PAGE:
Silk elongation requires high water potential. Under drought conditions, most silk elongation occurs at night, when water potential is highest. Inhibition of silk growth due to drought stress often results in asynchrony of pollen shed and silk emergence, commonly referred to as "silk delay." A study by Herrero and Johnson3 showed that drought stress can add 3 to 4 days to the normal interval between first pollen shed and first appearance of silks. Consequently, the last silks to appear, those emanating from the tip of the ear, may emerge after most of the pollen has shed. This lack of synchronization is considered to be the primary factor limiting kernel set during drought conditions. Barren or poorly filled ear tips can result from moderate to severe silk delay.
Silks are considered receptive to pollen if they support germination of pollen grains, growth of the pollen tube within the silk, and passage of the pollen tube to the wall of the ovary. Basetti and Westgate1 showed that silks normally remain receptive for about 7 days after emergence from the ear shoot, after which time they senesce, beginning at the base of the silk. However, silks are usually pollinated within 1 or 2 days after emergence, and fertilization occurs within 24 hours of pollination.
Basetti and Westgate2 examined silk receptivity under drought conditions. As expected, silk elongation was slowed by drought stress, and could be completely inhibited under severe stress. The pollen tube growth rate was also slowed by half or more, such that pollen tubes required over 48 hours to reach the ovary. This slower rate of pollen tube growth was only detrimental if pollination was delayed until 5 days after silks first emerged, since silks sometimes senesced at the base before pollen tube growth was completed.
In the field, it is highly unlikely that silk senescence or other loss of silk receptivity causes significant kernel loss. Silks typically are pollinated within 24 hours of exposure, and pollen tube growth is completed well before silks senesce. Other studies have shown that silks pollinated at water potentials low enough to prevent kernel formation were still able to support pollen germination and pollen tube growth. Consequently, evidence points to events occurring during or after fertilization as the cause of reproductive failure.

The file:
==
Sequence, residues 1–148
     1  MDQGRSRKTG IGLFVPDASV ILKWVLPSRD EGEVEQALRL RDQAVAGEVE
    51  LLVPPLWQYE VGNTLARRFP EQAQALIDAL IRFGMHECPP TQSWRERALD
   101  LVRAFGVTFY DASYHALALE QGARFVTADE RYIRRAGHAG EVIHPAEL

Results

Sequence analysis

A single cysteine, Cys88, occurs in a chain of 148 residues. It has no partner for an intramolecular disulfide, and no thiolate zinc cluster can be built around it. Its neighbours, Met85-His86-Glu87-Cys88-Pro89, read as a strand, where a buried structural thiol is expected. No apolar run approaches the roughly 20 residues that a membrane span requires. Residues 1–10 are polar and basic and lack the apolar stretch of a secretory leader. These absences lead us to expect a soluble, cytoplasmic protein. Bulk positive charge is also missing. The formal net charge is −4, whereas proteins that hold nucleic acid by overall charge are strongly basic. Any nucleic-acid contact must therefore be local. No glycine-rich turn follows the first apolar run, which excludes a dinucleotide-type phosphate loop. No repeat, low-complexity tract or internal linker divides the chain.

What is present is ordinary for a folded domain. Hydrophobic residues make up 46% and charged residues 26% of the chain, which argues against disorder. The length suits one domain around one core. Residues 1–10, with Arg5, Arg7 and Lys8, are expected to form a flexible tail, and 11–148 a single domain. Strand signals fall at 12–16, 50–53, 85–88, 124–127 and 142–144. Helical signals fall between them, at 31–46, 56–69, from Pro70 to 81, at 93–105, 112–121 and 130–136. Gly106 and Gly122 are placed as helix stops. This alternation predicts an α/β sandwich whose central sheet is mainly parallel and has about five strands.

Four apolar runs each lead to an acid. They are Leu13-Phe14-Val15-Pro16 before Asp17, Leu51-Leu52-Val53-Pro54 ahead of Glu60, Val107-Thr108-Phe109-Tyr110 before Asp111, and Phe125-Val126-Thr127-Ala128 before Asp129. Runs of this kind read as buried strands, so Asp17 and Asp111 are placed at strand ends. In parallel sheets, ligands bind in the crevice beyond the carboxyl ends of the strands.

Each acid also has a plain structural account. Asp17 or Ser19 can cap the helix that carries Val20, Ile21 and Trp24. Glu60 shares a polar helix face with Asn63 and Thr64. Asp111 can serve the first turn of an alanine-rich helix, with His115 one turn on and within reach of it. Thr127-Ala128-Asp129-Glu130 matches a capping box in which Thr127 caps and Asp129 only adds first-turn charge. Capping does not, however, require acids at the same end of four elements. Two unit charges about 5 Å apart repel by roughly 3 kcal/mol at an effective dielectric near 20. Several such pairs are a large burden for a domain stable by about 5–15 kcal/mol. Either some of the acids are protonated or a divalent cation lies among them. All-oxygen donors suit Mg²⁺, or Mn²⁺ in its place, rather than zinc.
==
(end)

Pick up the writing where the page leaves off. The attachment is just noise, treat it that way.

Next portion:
Recently, some researchers began to suspect that drought-induced developmental failure soon after fertilization may be due to starvation for substrate. Drought stress is known to inhibit photosynthesis, and carbohydrate reserves are already low at anthesis. This hypothesis is strongly supported by studies designed to alter assimilate supply at flowering. Shading plants during pollination and early kernel growth decreases seed set, while supplemental light increases the number of kernels. Studies with prolific hybrids known to have high carbohydrate availability to the ear showed less sensitivity to water stress. Studies that supplied additional solutes via stem infusion dramatically increased seed set in water-deficient plants. Collectively, these studies suggest that assimilate supply at flowering may regulate kernel set in water-deficient plants.
To further test this hypothesis Schussler and Westgate4 designed parallel experiments which limited photosynthesis by either drought stress or shading. Drought stress was induced by withholding water to inhibit photosynthesis by 50% or 100% during flowering and early kernel growth. Shading was accomplished by using 50% shade cloth or a dark treatment to likewise inhibit photosynthesis by 50% or 100%. Effect on seed set is shown below:
1 Bassetti, P., and M.E. Westgate. 1993a. Emergence, elongation, and senescence of maize silks. Crop Sci. 33:271-275.
2 Bassetti, P., and M.E. Westgate. 1993. Water deficit affects receptivity of maize silks. Crop Sci. 33:279-282.
3 Herrero, M.P., and R.R. Johnson. 1981. Drought stress and its effects on maize reproductive systems. Crop Sci. 21:105-110.
4 Schussler, J.R., and M.E. Westgate. 1991. Kernel set of maize at low water potential: II. Sensitivity to reduced assimilates at pollination. Crop Sci. 31:1196-1203.